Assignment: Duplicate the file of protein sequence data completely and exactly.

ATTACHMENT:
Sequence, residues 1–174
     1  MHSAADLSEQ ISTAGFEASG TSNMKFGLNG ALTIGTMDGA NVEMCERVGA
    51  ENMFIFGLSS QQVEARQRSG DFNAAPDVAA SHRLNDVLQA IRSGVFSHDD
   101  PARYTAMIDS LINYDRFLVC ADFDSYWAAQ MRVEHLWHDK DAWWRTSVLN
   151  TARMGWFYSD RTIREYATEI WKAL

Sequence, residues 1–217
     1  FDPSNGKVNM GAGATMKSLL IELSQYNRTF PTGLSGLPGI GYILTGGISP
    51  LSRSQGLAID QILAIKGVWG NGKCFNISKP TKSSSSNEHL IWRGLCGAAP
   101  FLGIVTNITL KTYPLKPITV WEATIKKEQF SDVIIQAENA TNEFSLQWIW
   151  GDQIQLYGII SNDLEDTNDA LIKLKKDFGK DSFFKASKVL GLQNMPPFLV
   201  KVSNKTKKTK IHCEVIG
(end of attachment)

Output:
Sequence, residues 1–174
     1  MHSAADLSEQ ISTAGFEASG TSNMKFGLNG ALTIGTMDGA NVEMCERVGA
    51  ENMFIFGLSS QQVEARQRSG DFNAAPDVAA SHRLNDVLQA IRSGVFSHDD
   101  PARYTAMIDS LINYDRFLVC ADFDSYWAAQ MRVEHLWHDK DAWWRTSVLN
   151  TARMGWFYSD RTIREYATEI WKAL

Sequence, residues 1–217
     1  FDPSNGKVNM GAGATMKSLL IELSQYNRTF PTGLSGLPGI GYILTGGISP
    51  LSRSQGLAID QILAIKGVWG NGKCFNISKP TKSSSSNEHL IWRGLCGAAP
   101  FLGIVTNITL KTYPLKPITV WEATIKKEQF SDVIIQAENA TNEFSLQWIW
   151  GDQIQLYGII SNDLEDTNDA LIKLKKDFGK DSFFKASKVL GLQNMPPFLV
   201  KVSNKTKKTK IHCEVIG